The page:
they're doing really has nothing to do with nafta. sure, there's some risk to s&p earnings. if there are these egregious trade deals. which, by the way, i'll take the under on. i don't think that's affecting every stock in the market equally, number one. number two, i think the market is a little bit more resilient, maybe, than other people might think in that it reprices this stuff. it figures out, okay, this is a negative on the surface, but what's the ancillary positive? joe brought up repatrioting trillions of dollars. there will be tradeoffs. you may not like what happens in q2 but maybe it comes back around and rewards you in q4. >> i think we're making a big mistake by talking about the market. there's strategies within the market. high tax rate strategy we've been talking about for weeks now. it's outperforming relative to the s&p. you can find strategies that are
going to work. what clearly has been identified, at least to me in terms of fiscal policy, we want to cut the corporate tax rate. okay, mr. president. how are you going to pay for it? by a border tax and that's going to raise me $100 billion based on where the annual trade deficit is right now. plain and simple. what does that mean for the u.s. dollar? that could move higher. his rhetoric in understanding that last week was talking about the u.s. dollar not getting too high. you've got balance in that regard. you don't want to get caught up in all these policies three days in, thinking that they're going to happen so quickly. you're making a grand mistake there. >> real, real quick, i want to clarify this. i'm not cautious on the market. and i'm not not fully in the market because of trump. >> i thought you said you have a lot of cash. >> i've got cash. you play the russell. i agree with kevin. don't play the s&p. dollar will get stronger. i haven't touched my financial. >> let me translate that for our younger viewers.
steve weiss is in the friend zone with the market right now. >> bertha coombs has breaking news for us at the news desk. >> the judge in the aetna/humana merger case has rejected their merger. the department of justice. the court judge john bates saying the court concludes that the proposed merger will, quote, likely substantially lessen competition in the medicare advantage in 364 counties. a combination of aetna and humana would effectively create a monopoly and also in the public obamacare exchanges in three complaint counties in florida. the judge was not persuaded by the argument that the companies made that they struck a deal with melena health to divest, saying that the experts said it was difficult to enter into the medicare advantage market.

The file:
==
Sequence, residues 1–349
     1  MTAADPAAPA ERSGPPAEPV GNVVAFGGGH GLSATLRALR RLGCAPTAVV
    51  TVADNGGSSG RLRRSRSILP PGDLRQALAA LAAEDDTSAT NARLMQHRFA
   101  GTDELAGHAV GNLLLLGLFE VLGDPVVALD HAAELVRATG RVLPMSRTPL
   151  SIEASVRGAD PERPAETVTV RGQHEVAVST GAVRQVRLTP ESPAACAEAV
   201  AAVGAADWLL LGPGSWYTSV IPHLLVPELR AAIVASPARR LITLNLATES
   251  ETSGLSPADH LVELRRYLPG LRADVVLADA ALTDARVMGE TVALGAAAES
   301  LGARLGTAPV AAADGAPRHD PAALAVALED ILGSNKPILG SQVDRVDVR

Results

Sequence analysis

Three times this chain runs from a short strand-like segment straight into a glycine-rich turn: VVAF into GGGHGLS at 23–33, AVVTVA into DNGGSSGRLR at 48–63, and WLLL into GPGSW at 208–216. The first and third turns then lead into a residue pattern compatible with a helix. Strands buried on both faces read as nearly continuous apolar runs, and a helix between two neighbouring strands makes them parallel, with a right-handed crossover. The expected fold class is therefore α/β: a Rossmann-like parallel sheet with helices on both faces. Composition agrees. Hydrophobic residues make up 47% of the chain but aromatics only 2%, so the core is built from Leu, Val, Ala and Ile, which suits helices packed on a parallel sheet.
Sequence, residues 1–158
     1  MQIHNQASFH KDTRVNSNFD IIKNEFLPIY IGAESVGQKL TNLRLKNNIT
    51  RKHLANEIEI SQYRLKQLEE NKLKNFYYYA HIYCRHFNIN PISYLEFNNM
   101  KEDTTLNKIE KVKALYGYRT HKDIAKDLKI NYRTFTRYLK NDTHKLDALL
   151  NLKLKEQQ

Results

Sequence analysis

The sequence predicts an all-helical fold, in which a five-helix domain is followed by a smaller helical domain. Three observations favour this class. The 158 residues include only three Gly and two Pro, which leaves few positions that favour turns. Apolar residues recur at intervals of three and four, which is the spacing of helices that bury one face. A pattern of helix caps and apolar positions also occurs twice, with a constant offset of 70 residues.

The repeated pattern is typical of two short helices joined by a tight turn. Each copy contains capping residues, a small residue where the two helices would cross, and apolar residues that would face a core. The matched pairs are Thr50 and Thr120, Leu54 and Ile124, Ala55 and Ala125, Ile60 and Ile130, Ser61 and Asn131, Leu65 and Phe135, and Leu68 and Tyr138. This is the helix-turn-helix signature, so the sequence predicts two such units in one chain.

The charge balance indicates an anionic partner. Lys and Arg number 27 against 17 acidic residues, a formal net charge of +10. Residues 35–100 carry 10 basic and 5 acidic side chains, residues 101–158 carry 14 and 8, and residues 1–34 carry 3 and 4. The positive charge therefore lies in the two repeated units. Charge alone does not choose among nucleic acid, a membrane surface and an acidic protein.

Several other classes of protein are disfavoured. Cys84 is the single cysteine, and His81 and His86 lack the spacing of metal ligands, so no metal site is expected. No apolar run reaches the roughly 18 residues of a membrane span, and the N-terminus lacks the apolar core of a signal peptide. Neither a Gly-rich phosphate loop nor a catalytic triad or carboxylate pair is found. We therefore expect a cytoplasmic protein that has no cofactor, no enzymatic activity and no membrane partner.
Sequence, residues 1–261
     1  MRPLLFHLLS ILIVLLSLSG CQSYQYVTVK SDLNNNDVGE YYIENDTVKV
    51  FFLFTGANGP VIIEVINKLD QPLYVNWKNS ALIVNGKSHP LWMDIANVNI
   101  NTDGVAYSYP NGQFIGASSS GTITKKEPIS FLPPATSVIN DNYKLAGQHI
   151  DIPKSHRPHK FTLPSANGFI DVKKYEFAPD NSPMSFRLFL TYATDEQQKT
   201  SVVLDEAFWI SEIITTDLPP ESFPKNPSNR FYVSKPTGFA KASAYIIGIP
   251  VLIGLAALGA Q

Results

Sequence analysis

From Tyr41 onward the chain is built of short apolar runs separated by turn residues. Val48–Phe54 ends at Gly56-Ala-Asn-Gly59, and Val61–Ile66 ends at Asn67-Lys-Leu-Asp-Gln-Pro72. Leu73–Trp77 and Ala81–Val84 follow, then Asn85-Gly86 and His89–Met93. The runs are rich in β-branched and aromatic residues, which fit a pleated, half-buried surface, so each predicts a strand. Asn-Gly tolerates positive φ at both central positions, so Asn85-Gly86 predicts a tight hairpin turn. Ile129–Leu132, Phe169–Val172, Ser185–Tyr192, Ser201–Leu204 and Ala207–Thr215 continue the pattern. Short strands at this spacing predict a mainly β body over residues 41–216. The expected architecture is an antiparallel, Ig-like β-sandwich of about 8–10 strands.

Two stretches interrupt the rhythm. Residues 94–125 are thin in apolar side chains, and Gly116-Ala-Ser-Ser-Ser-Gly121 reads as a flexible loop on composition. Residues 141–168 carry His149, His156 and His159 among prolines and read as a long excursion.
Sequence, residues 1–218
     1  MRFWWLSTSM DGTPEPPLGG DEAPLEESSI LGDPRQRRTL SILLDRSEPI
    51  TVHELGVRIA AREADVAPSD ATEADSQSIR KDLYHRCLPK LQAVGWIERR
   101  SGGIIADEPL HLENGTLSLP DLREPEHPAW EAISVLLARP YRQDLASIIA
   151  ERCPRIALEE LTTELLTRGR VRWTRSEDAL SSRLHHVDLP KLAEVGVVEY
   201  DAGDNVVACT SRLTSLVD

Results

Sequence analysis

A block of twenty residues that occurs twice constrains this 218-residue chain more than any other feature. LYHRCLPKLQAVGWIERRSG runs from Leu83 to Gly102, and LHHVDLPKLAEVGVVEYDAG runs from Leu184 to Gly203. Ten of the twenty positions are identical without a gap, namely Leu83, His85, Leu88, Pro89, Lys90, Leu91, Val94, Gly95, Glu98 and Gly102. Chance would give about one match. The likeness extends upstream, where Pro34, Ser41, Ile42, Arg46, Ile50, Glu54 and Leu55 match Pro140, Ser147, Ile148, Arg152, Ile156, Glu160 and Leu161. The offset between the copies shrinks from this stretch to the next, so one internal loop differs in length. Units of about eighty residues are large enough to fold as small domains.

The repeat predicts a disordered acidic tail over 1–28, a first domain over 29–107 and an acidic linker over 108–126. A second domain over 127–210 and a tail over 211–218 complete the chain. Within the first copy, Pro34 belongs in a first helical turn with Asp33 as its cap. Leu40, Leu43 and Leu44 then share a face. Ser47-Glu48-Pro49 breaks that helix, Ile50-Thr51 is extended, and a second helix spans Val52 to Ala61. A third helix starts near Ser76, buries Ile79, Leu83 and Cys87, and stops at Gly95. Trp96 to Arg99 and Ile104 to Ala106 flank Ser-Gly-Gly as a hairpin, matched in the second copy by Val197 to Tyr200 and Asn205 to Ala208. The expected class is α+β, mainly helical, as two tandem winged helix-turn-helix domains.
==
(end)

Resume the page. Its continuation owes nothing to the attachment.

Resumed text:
what's interesting here is that he also argues that there is a real difference between traditional medicare and the medicare advantage market for those who aren't familiar with the medicare markets. traditional medicare is what you get from the government. there are no networks. you can go to any doctor. medicare advantage markets are more like the private insurance most of us experience in the private market and through our employers, where there's more networks and restrictions but everything is all included in one plan. those two markets, he says, are separate. the companies argue that they competed with one another. there's a $1 billion breakup fee here. so far no comments from either aetna or humana. back to you. >> if you recall the conversation that we had last in mid july with mark bertillini, ceo of aetna, when the doj sued to block the deal in the first place pledged then to, quote,
vigorously defend that merger. >> got to get to trump tower. >> the question is, what happens now? is there any other legal resource they can pursue? they said they would go to court if necessary. >> they appeal. >> they appeal? >> billion dollar breakup fee they'll have to pay. why wouldn't you appeal and hope that now you have a new administration in, you could work out maybe a settlement under a new administration that maybe looks a little bit different than what we've witnessed with halliburton, baker-hughes that have fallen. >> the merger shouldn't happen. i wouldn't interpret republican and trump as pro merger. all it's going to do, it's going to go ahead and increase pricing. that's not what trump is about. there's no reason for these companies to merge. they shouldn't merge. stocks barely down. >> there will be firings and he doesn't like those announcements. >> right. the fact that humana is down shows you that the market didn't expect this merger to go through. >> big dow stock, mcdonald's, as
you know. i wonder what you think about the comps, declining 1.3% in the u.s. and that all day breakfast initiative that had done such great things for the stock has sort of run its course. >> they've got to do all day lunch. i don't see any other -- you had a great year at mcdonald's, things they launched with the ceo, they largely worked. increased foot traffic, great comps. in the next year, it gets really tough. and i don't know what's -- extra long french fries or whatever. but seriously, i don't know what the next leg up in the story is going to be. and the stock price reflects that. it's been really stuck in third or fourth gear. probably since last summer. and there's no sign that the buyers are coming in. so i would just really stay on the sideline and wait to hear what they plan to do next. you have already the positive benefit, the first things they did. well priced into this, 20 times